for(sd in 1:nStudyDesign){
bEfficiencyStudy[sd] ~ dnorm(Efficiency[sd], Efficiency.sd[sd]^-2) T(Efficiency.lower[sd], Efficiency.upper[sd])
}
for(sd in 1:nStudyDesign){
bEfficiencyVisitStudy[1, sd] <- 0
for(vt in 2:nVisitType){
bEfficiencyVisitStudy[vt, sd] ~ dnorm(0, 2^-2)
}
}
sDispersion ~ dunif(0, 5)
for(ii in 1:length(Count)){
log(eDensity[ii]) <- bDensityYear[Year[ii]]
+ bDensityWidth * log(Width[ii])
+ bDensitySite[Site[ii]]
+ bDensityRkm1 * Rkm[ii]
+ bDensityRkm2 * Rkm[ii]^2
+ bDensityRkm3 * Rkm[ii]^3
+ bDensityRkm4 * Rkm[ii]^4
+ bDensityMarking[Marking[ii]]
eAbundance[ii] <- eDensity[ii] * SiteLength[ii]
logit(eEfficiency[ii]) <- logit(bEfficiencyStudy[StudyDesign[ii]])
+ bEfficiencyVisitStudy[VisitType[ii], StudyDesign[ii]]
+ bEfficiencySwimmer[Swimmer[ii]]
eCount[ii] <- eAbundance[ii] * eEfficiency[ii] * SurveyProportion[ii]
eDispersion[ii] ~ dgamma(1/sDispersion^2, 1/sDispersion^2)
Count[ii] ~ dpois(eCount[ii] * eDispersion[ii])
}
}
```

#### Stock-Recruitment

Variable/Parameter | Description |
---|---|

`alpha` |
Recruits per spawner at low density |

`eRecruits` |
Expected number of recruits |

`Recruits` |
Number of recruits |

`Rinf` |
Carrying capacity of recruits |

`Spawners` |
Number of spawners |

`sRecruits` |
SD of Recruits |

##### Stock-Recruitment - Model1

```
model{
alpha ~ dnorm(8000 * 0.5^4, 250^-2) T(0,)
Rinf ~ dunif(5 * 10^4, 2.5 * 10^5)
sRecruits ~ dunif(0, 5)
for (ii in 1:length(Spawners)) {
eRecruits[ii] <- Rinf * (1 - exp(-alpha / Rinf * Spawners[ii]))
Recruits[ii] ~ dlnorm(log(eRecruits[ii]) - sRecruits^2 / 2, sRecruits^-2)
}
}
```

#### Escapement

Variable/Parameter | Description |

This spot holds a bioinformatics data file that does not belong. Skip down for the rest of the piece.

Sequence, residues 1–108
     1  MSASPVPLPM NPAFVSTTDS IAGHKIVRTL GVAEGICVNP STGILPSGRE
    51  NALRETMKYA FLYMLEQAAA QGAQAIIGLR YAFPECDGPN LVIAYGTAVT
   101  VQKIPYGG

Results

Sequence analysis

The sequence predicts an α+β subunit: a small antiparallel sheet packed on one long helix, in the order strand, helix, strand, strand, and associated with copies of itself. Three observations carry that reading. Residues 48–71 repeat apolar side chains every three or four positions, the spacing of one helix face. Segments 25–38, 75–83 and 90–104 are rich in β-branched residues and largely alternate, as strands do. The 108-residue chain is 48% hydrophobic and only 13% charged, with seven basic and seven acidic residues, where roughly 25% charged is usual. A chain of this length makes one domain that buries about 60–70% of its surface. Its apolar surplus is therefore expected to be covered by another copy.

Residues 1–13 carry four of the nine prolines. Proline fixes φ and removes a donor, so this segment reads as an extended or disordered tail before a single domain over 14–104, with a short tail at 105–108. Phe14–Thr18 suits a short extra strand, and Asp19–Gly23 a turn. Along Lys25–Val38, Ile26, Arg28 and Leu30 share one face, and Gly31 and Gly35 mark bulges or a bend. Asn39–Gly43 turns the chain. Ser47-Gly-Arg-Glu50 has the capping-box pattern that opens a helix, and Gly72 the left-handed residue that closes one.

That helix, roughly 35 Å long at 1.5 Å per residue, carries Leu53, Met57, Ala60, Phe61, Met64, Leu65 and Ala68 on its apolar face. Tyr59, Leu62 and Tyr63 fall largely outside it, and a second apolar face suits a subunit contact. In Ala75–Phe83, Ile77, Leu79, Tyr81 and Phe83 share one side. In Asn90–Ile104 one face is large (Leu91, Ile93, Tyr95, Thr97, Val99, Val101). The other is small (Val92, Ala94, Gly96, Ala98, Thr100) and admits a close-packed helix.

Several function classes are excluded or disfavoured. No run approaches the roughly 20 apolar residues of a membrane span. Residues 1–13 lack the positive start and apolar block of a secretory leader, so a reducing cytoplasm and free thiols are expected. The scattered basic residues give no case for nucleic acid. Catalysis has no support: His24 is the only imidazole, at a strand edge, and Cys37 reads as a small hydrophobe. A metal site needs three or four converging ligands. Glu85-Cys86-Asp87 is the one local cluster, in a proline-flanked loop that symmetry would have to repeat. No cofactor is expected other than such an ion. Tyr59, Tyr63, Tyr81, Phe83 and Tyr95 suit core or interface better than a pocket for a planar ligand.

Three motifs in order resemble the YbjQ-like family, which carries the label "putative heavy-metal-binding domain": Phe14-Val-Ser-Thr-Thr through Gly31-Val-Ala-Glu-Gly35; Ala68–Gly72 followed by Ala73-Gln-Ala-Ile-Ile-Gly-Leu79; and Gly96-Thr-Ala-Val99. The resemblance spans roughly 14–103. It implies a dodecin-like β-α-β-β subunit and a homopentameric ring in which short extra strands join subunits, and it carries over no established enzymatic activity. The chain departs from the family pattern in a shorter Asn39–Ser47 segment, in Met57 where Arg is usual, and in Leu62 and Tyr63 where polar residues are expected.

---|---|

`bAlpha` |
Expected number of recruits per spawner at low density |

`bRinf` |
Expected carrying capacity of recruits |

`bS0` |
Predicted spawner coefficient |

##### Escapement - Model1

```
model{
bRinf ~ dnorm(Rinf.mean, Rinf.sd^-2) T(Rinf.lower, Rinf.upper)
bAlpha ~ dnorm(alpha.mean, alpha.sd^-2) T(alpha.lower, alpha.upper)
bS0 <- bRinf/bAlpha
}
```

## Results

### Model Parameters

The posterior distributions for the *fixed* (Kery and Schaub 2011 p. 75) parameters in each model are summarised below.

#### Capture Efficiency - Age-1

Parameter | Estimate | Lower | Upper | SD | Error | Significance |
---|---|---|---|---|---|---|

bEfficiency | 0.2220 | -0.1006 | 0.5289 | 0.1579 | 140 | 0.1639 |

bEfficiencyStudyDesign[2] | -0.9689 | -1.3826 | -0.5597 | 0.2118 | 42 | 0.0010 |

Convergence | Iterations |
---|---|

1 | 5000 |

#### Abundance - Age-1

Parameter | Estimate | Lower | Upper | SD | Error | Significance |
---|---|---|---|---|---|---|

bDensityMarking[2] | 0.3541 | 0.0283 | 0.6912 | 0.1704 | 94 | 0.0323 |

bDensityMarking[3] | 0.3187 | 0.0884 | 0.5435 | 0.1195 | 71 | 0.0133 |

bDensityRkm1 | -0.2544 | -0.4290 | -0.0770 | 0.0891 | 69 | 0.0010 |

bDensityRkm2 | 0.1748 | -0.0461 | 0.4127 | 0.1198 | 130 | 0.1425 |

bDensityRkm3 | -0.0555 | -0.1358 | 0.0259 | 0.0398 | 150 | 0.1577 |

bDensityRkm4 | -0.1479 | -0.2271 | -0.0713 | 0.0403 | 53 | 0.0010 |

bDensityWidth | 0.2481 | 0.1386 | 0.3542 | 0.0532 | 43 | 0.0010 |

bDensityYear[1] | -0.3910 | -1.0980 | 0.3630 | 0.3600 | 190 | 0.2755 |

bDensityYear[2] | -1.3740 | -2.1770 | -0.5830 | 0.4200 | 58 | 0.0019 |

bDensityYear[3] | -1.1600 | -1.9250 | -0.4070 | 0.3840 | 65 | 0.0038 |

bDensityYear[4] | -1.4410 | -2.2550 | -0.5920 | 0.4180 | 58 | 0.0010 |

bDensityYear[5] | -1.3990 | -2.2700 | -0.6090 | 0.4240 | 59 | 0.0038 |